The other great thing about surrounding yourself with creative people and their works is that it helps you to be creative yourself – even if in a completely different field. I remember attending Dom’s final art school exhibition at the old Darlinghurst gaol (where the school is). Walking the historic grounds, I could see how in an environment like that you couldn’t help but be inspired.
This, finally, brings me to my point… how I overcome writers’ block.
Many writers will sit in solitude or find a quiet place of reflection to conjure their creative spirit. When you’re on fire and writing up a storm, this can be a great way to stay focused and get the words out. When, however, you are feeling uninspired, flying solo is absolutely the worst possible thing you could do to yourself.
Many artists speak about having a “muse”, a person who inspires them to create amazing things. Shouldn’t writers have a muse too? Shouldn’t they see them, talk to them, or generally enjoy their presence to kickstart the creative process?
If not a muse, then at least an inspirational backdrop. A place of great history, charm, or mystery that taps into their creativity?
My advice for overcoming writers’ block is to escape the solitude. It might be as simple as “thinking out loud” or brainstorming with the person sitting next to you, or it might require you to escape your mundane existence for a few months (holiday in Europe anyone?)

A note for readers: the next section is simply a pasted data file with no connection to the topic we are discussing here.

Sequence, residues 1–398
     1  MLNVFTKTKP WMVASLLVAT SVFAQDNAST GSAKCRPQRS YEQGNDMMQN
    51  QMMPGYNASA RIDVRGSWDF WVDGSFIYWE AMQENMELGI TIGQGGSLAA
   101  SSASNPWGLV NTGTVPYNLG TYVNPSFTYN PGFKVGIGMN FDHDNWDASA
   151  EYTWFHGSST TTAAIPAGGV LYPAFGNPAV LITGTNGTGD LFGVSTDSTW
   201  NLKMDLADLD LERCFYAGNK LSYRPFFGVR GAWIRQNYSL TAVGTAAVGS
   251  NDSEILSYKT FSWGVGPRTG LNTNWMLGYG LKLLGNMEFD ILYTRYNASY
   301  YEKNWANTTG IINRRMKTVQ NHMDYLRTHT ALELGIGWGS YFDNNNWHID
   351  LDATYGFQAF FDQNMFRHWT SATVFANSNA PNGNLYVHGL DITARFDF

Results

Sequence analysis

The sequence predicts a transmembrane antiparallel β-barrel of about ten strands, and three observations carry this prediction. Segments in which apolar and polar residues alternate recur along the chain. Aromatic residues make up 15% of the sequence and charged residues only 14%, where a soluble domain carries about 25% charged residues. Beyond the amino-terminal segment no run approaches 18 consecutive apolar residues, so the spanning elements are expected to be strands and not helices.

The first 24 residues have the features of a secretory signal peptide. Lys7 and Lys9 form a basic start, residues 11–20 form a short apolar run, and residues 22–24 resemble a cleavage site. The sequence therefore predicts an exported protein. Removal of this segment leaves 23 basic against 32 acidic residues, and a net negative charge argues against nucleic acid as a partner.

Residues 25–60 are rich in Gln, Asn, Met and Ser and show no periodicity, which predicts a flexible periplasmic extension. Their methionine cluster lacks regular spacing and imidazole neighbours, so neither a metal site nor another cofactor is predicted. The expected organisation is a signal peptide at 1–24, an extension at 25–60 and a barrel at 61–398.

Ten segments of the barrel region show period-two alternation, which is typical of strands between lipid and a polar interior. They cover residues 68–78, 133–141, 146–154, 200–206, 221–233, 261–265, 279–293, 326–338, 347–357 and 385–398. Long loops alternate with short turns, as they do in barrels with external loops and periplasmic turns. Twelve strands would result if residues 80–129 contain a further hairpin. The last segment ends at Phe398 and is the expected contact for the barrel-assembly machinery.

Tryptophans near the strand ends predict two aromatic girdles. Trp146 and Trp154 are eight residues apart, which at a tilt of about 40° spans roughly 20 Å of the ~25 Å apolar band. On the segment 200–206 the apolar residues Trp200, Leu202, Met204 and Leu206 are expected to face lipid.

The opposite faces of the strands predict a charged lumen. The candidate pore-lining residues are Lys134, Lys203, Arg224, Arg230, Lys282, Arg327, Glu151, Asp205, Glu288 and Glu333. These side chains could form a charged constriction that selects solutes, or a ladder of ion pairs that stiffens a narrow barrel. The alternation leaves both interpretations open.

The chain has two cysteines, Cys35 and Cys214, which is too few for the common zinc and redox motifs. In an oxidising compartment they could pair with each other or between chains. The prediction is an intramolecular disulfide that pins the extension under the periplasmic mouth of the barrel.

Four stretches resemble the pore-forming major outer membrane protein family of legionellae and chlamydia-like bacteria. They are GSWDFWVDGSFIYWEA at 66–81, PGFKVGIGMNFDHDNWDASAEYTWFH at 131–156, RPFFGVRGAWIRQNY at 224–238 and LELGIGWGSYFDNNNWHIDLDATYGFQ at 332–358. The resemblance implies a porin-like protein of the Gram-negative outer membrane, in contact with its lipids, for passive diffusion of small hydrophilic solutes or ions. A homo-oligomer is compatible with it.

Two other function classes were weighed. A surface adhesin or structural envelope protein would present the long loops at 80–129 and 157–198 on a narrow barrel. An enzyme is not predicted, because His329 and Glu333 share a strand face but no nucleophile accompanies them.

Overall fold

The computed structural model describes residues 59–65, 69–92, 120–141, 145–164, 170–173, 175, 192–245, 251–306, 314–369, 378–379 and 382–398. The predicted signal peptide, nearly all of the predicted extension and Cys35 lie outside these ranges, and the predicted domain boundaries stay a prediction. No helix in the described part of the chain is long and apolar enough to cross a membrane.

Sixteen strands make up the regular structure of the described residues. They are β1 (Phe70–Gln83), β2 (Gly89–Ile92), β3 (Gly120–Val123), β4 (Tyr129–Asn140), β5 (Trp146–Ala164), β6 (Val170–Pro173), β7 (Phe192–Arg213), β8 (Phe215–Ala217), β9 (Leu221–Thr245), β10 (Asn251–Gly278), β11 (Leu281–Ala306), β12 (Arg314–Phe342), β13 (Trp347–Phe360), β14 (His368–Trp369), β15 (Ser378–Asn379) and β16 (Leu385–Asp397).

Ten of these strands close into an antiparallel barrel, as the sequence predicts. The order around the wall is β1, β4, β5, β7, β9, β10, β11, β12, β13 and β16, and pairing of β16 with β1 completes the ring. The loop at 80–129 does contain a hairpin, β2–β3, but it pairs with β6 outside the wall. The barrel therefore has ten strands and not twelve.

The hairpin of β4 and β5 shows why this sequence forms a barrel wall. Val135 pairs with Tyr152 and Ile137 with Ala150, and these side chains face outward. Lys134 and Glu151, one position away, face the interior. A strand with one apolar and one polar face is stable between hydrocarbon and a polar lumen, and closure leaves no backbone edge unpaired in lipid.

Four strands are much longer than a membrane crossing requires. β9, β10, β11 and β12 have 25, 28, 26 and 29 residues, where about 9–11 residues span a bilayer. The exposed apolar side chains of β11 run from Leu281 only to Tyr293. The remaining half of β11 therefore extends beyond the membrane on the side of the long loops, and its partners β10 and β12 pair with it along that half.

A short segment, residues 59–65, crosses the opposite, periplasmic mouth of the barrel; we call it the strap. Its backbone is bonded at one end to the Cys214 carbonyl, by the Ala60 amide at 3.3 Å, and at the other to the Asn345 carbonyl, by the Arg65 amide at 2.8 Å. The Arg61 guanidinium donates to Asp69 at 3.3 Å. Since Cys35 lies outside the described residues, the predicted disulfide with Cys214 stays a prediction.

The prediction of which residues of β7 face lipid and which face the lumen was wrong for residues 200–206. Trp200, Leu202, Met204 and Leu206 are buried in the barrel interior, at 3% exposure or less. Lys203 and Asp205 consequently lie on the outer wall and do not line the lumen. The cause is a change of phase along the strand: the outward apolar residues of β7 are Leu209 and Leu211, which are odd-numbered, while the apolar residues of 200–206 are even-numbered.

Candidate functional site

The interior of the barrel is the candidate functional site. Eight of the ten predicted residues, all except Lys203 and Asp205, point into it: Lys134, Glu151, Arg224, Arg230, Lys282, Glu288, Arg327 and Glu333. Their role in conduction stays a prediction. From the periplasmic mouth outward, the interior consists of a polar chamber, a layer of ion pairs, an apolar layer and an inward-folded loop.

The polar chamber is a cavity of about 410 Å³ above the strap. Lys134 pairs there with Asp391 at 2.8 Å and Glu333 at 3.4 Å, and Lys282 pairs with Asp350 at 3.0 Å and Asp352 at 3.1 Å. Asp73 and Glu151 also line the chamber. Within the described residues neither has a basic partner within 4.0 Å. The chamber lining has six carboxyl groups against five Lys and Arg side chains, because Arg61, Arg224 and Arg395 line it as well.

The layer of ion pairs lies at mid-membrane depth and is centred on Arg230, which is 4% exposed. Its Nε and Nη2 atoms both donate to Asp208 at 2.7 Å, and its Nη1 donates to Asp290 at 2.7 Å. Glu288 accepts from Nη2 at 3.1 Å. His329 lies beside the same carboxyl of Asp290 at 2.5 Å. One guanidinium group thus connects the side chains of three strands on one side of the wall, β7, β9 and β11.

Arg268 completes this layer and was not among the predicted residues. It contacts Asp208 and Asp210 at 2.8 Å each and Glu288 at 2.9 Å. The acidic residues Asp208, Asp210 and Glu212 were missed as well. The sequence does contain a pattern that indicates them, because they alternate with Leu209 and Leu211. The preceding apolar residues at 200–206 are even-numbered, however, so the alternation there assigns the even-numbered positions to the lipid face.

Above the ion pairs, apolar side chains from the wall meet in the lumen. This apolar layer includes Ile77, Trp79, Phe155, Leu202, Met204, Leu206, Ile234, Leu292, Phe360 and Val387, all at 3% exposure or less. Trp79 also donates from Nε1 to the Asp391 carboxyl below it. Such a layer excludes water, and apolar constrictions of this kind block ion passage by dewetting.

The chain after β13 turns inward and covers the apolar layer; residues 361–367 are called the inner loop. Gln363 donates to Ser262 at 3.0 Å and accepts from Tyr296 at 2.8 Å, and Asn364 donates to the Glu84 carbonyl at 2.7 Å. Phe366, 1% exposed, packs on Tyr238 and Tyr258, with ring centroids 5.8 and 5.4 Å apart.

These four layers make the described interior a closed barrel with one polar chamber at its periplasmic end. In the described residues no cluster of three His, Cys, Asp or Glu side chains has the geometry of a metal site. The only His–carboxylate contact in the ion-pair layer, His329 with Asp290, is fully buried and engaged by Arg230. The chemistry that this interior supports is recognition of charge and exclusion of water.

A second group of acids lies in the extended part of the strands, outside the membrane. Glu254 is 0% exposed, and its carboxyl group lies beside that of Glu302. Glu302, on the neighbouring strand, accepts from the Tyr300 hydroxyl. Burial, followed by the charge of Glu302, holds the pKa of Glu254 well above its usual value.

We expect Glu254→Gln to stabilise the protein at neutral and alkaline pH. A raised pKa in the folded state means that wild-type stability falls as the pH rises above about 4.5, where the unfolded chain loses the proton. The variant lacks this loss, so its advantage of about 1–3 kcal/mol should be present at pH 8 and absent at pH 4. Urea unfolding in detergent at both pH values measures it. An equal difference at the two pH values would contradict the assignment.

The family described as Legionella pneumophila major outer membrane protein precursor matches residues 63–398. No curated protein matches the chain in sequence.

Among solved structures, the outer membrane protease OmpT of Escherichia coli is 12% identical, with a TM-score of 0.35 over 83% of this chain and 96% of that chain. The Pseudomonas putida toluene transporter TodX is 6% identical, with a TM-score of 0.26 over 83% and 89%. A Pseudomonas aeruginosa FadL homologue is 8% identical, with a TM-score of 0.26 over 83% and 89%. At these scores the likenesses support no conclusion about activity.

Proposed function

In my particular case, after much soul-searching, I’ve decided to abandon the initial idea for the book I am supposed to write this year. I stumbled upon a new idea while cyber-stalking a friend and honed it by asking Andy for his advice. I’ve signed up for a relevant writing workshop in October and I’ll have my pen and paper ready when I escape to the wilderness for list item number 26. I’m excited about this new book idea. I can’t promise that it will be an original one, and I can’t promise that I will execute it with flair. All I know is that I have finally found the inspiration I need to tick off list item number 24 ‘Write a book’!
Did you leave high school with a few battle wounds? How have they affected your life since?